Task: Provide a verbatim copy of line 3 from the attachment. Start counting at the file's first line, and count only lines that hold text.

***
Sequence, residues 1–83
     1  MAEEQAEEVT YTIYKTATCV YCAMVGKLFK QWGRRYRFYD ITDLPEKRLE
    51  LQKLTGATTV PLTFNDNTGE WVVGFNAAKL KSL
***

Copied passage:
    51  LQKLTGATTV PLTFNDNTGE WVVGFNAAKL KSL